In 2012, Tweeter worked 25 hours per week at $45 per hour, practicing when Dr. Powers was onsite. The practice's employment cost for Tweeter for her first 11 months -- including salary, benefits, taxes, overhead, and the partial time of a dental assistant -- totaled $90,671. During that time, she billed $156,078 in patient care.
After accounting for the cost of employing Tweeter, practice profits increased by $23,831.
"Tweeter increased procedure volume and provided care at a lower cost than if Dr. Powers had performed the same procedures," the authors of the report concluded.
A longer DT history
The second practice the report reviewed was Battlefords Dental Group, a private practice founded by Lornce Harder, DDS, in 1965. Two DTs work there; one was hired in 1980 and the other in 2009. The practice is located in North Battleford, a rural town of about 14,000 people in west-central Saskatchewan. About 20% of the area's population is from indigenous communities, according to the report.
Dental therapists have been practicing in Saskatchewan since 1974. Originally, they worked in schools or served indigenous people in rural northern areas of the province. As of 2013, more than half (144) of the province's 235 dental therapists worked in private practice. The others were employed by health departments and agencies that serve indigenous populations.
In the report, Dr. Harder said that DTs have freed him to focus on crowns, bridges, surgeries, and other advanced procedures by handling the practice's routine restorative care. Practice records showed that DTs generated combined profits of $197,329, after accounting for commissions and other overhead expenses.
About 85% of Dr. Harder's collections come from private insurance or self-pay, 10% come from government payments for indigenous patients, and 5% come from government payments for welfare recipients. The federal government's Indian Health Service reimbursement rate is 85% of the Saskatchewan Dental Association's fee schedule -- approximately 12% of the practice's patient base is indigenous -- and the provincial government reimburses for patients on welfare at 70% of provincial dental retail fees.
Dr. Harder hired Darcy Tkatchuk as a dental therapist in 1980. She is licensed as both a DT and a hygienist, having completed a two-year training program for dental therapy and a 10-month program for dental hygiene. In 2009, Dr. Harder hired Siri Bounlom as the practice's second dental therapist.
The DTs split their time between providing dental therapy services and preventive services, the report noted.
Dr. Harder had supervised a DT training program and was impressed with the education the students received and their overall competence, according to the report. One of the reasons he hired Tkatchuk was that he wanted to hand over care of many of the children in his practice and knew her experience working in a school-based program would be advantageous.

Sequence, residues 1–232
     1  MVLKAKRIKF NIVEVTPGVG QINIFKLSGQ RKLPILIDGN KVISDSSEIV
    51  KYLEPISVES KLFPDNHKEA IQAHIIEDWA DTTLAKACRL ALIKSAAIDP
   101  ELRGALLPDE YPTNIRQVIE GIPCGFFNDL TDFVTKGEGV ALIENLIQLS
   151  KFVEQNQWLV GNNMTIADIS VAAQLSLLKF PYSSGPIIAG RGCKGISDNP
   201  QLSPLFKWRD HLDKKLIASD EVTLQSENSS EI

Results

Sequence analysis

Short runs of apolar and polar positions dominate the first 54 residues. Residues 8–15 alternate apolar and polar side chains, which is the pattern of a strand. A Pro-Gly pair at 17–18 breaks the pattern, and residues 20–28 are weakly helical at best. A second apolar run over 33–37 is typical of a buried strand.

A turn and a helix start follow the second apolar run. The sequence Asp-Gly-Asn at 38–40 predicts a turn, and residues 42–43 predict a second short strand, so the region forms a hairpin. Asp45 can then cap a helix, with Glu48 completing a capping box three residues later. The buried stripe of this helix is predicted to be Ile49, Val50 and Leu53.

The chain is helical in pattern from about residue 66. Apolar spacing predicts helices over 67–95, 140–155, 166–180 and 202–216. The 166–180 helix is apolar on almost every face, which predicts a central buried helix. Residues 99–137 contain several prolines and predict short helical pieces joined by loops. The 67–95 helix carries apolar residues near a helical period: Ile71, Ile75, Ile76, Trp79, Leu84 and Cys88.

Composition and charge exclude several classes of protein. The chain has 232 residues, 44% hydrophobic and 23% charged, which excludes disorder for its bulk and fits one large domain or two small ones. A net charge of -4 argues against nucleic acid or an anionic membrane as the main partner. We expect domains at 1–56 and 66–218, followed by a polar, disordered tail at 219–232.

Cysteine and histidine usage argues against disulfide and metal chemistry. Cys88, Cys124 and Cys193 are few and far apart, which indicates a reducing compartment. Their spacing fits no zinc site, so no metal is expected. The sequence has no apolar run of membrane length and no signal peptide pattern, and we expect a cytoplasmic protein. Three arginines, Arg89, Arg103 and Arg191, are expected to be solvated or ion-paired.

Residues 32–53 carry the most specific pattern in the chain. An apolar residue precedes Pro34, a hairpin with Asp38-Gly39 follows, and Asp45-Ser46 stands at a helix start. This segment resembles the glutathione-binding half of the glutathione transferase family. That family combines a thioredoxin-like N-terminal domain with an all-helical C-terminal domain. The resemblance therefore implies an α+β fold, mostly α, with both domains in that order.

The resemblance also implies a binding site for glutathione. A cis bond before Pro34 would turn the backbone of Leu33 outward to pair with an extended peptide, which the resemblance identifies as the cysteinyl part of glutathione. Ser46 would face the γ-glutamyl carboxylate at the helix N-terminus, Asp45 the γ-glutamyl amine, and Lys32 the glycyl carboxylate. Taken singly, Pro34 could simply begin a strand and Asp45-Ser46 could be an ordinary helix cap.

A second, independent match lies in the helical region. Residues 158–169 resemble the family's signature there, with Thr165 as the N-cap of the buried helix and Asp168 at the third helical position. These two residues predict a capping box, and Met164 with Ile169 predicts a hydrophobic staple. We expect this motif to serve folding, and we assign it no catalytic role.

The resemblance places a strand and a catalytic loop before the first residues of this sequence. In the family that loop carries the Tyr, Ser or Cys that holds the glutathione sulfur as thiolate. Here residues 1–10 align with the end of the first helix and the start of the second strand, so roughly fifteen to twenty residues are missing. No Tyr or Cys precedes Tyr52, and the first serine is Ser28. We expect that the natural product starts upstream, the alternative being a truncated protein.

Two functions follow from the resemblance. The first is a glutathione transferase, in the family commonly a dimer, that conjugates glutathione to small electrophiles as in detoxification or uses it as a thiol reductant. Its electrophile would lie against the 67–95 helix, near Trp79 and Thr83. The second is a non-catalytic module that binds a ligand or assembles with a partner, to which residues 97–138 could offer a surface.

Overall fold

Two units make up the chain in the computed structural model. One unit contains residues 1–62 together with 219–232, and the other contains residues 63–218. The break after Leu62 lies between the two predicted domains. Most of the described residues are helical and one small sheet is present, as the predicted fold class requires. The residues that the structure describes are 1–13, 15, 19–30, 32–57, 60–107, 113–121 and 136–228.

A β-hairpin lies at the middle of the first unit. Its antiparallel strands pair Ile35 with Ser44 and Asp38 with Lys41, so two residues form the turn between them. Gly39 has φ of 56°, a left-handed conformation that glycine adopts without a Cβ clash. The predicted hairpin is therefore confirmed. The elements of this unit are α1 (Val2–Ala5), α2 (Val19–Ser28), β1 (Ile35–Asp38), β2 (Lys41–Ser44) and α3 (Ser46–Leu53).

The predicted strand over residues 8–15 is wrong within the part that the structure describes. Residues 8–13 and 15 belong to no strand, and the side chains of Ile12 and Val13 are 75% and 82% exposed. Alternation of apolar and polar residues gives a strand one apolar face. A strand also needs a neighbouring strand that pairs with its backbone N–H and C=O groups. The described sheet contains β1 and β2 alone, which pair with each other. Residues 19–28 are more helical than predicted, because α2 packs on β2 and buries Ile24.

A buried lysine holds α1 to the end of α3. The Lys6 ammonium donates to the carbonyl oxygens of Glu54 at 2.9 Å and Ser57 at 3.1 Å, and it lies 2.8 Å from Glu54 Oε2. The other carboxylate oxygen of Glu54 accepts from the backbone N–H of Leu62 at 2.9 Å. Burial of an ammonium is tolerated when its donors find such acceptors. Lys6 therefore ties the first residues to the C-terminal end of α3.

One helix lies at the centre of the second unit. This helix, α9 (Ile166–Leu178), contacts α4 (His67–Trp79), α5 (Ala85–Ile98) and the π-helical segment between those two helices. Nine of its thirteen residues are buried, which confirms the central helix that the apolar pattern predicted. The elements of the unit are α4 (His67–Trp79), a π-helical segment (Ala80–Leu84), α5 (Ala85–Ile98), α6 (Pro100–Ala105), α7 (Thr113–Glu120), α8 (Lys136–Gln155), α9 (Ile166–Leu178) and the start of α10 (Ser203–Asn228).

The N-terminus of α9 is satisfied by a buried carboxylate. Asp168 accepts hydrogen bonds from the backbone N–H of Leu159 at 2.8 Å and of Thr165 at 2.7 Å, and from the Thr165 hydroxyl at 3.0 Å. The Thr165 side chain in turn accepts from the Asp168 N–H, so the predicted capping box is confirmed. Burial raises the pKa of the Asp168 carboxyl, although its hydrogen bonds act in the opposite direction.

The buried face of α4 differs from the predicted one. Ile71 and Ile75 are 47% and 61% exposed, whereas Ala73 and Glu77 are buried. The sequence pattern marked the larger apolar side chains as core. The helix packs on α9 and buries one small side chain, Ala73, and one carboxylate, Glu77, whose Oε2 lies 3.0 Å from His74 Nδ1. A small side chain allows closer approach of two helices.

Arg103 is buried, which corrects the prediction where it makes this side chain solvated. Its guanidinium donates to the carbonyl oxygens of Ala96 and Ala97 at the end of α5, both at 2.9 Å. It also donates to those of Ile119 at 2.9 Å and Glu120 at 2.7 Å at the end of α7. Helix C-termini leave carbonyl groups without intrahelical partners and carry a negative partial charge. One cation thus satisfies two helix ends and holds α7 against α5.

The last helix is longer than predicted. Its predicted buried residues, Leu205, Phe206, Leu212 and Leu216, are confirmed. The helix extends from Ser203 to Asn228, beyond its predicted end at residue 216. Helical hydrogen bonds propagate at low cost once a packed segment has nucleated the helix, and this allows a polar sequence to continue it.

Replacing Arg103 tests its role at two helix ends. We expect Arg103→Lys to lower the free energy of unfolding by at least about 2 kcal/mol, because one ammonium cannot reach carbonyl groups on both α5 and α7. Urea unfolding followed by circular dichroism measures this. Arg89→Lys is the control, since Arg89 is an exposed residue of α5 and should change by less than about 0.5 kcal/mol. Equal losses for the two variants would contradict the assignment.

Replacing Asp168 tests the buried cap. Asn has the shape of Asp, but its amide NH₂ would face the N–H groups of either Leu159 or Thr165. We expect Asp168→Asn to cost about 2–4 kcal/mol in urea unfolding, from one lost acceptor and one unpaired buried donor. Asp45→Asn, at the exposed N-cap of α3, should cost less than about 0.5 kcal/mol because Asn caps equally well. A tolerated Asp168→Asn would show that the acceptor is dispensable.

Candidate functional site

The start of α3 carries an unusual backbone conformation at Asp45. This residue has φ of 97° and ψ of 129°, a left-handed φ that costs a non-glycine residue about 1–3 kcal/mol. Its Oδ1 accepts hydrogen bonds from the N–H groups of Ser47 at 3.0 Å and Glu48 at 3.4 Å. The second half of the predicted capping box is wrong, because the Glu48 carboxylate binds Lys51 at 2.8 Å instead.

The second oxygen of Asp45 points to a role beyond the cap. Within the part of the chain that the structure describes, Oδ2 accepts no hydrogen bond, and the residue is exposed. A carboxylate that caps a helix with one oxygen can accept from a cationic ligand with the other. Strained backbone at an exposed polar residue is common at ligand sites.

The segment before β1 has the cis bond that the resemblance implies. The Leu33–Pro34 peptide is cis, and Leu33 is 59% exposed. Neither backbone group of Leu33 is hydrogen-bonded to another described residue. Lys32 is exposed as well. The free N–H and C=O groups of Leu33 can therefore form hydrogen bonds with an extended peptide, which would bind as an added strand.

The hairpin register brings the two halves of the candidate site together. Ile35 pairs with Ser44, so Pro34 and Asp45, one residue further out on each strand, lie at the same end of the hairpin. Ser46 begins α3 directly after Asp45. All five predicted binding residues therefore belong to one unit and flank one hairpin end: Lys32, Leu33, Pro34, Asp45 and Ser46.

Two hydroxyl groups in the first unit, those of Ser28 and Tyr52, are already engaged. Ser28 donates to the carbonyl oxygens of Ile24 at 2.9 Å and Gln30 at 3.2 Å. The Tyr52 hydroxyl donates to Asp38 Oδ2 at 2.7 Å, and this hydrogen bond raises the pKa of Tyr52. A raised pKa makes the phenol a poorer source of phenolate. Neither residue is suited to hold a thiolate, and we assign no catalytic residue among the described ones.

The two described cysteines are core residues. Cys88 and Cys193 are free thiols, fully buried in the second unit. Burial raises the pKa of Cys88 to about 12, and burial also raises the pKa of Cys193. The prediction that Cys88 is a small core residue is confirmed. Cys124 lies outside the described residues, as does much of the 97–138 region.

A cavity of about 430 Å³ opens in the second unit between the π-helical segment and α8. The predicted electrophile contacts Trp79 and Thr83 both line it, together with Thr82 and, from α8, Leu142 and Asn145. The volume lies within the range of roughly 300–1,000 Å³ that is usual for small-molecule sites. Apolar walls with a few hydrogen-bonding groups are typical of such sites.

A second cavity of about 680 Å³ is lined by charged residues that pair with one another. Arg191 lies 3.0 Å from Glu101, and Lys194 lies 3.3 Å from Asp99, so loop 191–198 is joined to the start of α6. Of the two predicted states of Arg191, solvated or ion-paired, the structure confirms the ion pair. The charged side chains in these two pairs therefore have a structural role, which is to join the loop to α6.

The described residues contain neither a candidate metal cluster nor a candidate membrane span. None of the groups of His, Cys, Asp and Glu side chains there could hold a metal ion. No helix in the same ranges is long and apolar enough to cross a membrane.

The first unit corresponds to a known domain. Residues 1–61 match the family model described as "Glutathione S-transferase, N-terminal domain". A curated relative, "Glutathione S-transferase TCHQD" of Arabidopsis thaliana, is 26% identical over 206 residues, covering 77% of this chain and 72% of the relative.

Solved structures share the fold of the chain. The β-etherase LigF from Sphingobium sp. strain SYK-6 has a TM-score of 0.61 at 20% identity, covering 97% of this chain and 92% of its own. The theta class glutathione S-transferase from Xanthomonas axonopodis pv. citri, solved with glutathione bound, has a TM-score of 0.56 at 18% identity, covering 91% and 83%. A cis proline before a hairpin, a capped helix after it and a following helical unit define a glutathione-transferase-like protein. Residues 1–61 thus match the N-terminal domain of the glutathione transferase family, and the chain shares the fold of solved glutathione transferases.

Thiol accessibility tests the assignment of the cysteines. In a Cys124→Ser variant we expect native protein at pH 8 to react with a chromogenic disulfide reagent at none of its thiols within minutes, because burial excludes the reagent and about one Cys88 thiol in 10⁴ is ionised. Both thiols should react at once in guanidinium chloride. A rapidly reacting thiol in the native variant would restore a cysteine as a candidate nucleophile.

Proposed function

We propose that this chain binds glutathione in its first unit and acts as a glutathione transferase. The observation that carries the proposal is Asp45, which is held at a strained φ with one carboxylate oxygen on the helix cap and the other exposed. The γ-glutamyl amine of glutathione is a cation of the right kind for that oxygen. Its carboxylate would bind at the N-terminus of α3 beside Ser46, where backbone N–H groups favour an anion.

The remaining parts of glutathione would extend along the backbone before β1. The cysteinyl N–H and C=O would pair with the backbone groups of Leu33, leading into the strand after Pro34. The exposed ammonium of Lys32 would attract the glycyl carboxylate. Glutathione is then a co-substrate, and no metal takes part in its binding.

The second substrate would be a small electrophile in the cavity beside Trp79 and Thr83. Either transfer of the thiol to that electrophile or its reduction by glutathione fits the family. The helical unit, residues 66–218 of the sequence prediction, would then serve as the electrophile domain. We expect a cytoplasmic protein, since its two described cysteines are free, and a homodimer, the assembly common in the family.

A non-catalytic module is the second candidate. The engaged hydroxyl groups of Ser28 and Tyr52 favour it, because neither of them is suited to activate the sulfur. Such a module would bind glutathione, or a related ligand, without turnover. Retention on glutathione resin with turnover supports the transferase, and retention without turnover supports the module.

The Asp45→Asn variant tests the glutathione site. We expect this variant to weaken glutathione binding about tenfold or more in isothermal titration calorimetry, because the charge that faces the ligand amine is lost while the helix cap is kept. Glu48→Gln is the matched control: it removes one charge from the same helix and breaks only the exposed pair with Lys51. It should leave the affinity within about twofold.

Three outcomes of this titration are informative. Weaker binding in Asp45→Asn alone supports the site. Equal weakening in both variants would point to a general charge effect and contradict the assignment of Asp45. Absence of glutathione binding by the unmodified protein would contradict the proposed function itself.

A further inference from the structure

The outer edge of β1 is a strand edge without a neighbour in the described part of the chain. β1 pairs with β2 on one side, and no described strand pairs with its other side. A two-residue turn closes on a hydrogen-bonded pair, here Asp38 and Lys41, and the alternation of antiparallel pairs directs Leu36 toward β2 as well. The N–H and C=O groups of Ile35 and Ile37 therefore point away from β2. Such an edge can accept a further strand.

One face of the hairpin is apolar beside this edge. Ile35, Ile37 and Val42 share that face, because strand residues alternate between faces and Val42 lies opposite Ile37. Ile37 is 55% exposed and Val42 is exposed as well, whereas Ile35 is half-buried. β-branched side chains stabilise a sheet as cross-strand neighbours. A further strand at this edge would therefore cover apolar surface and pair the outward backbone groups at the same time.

Like Dr. Powers, Dr. Harder sees all patients for initial exams. Most of Tkatchuk's work involves restorations, but she also performs procedures such as sizing night guards, prepping for orthodontics, and extracting primary teeth.
Dr. Harder and Tkatchuk work four days a week. She works about 30 hours a week and sees eight to 14 patients a day, including children and adults.
"Sometimes when I am away and I want patients to be looked after, I will let [Tkatchuk] do the checkup. She can discern cavities just as well as I can," Dr. Harder said in the report. "Darcy has become so specialized that I wouldn't want to pretend that I could touch the work that she does in fillings because I haven't done it for a long time."
Tkatchuk and Bounlom have different salaries when they work as hygienists -- primarily handling prophys, scaling, polishing, and fluoride application -- than they do for procedures as therapists. They are paid exclusively on commission, receiving 40% on all billings for hygiene services and 35% (for Tkatchuk) or 30% (for Bounlom) for DT services. Dr. Harder gets a 10% commission on all services provided by the therapists. DT services are billed at rates that are two to four times higher than hygiene services.
In 2012, combined collections from the two DTs totaled $481,107, about half from hygiene services. After subtracting their commission, $174,635, the DTs brought in $306,472. The practice did not incur additional employment costs for the DTs, the report noted. The combined services provided by the DTs equaled 54% of total practice collections in 2011 and 2012.
After overhead costs, they contributed an estimated $197,329 to practice profits. The practice was able to generate this profit even though a substantial portion of billings -- about 15% percent of revenue -- was paid at discounted government rates.
"What I value the most is to see work that lasts sometimes for more than 10 years," Tkatchuk said in the report.
"Findings from two practices cannot be conclusive about the potential financial benefit for dental practices of employing dental therapists or how they can employ midlevel providers to increase access to care in the communities in which they work," the report authors acknowledged.
"These case studies demonstrate, however, that for private dental practices, using midlevel providers can be a good business decision that addresses the access gap for low-income individuals and can enable dentists to focus on the complex procedures that only they have the skills to perform," they concluded.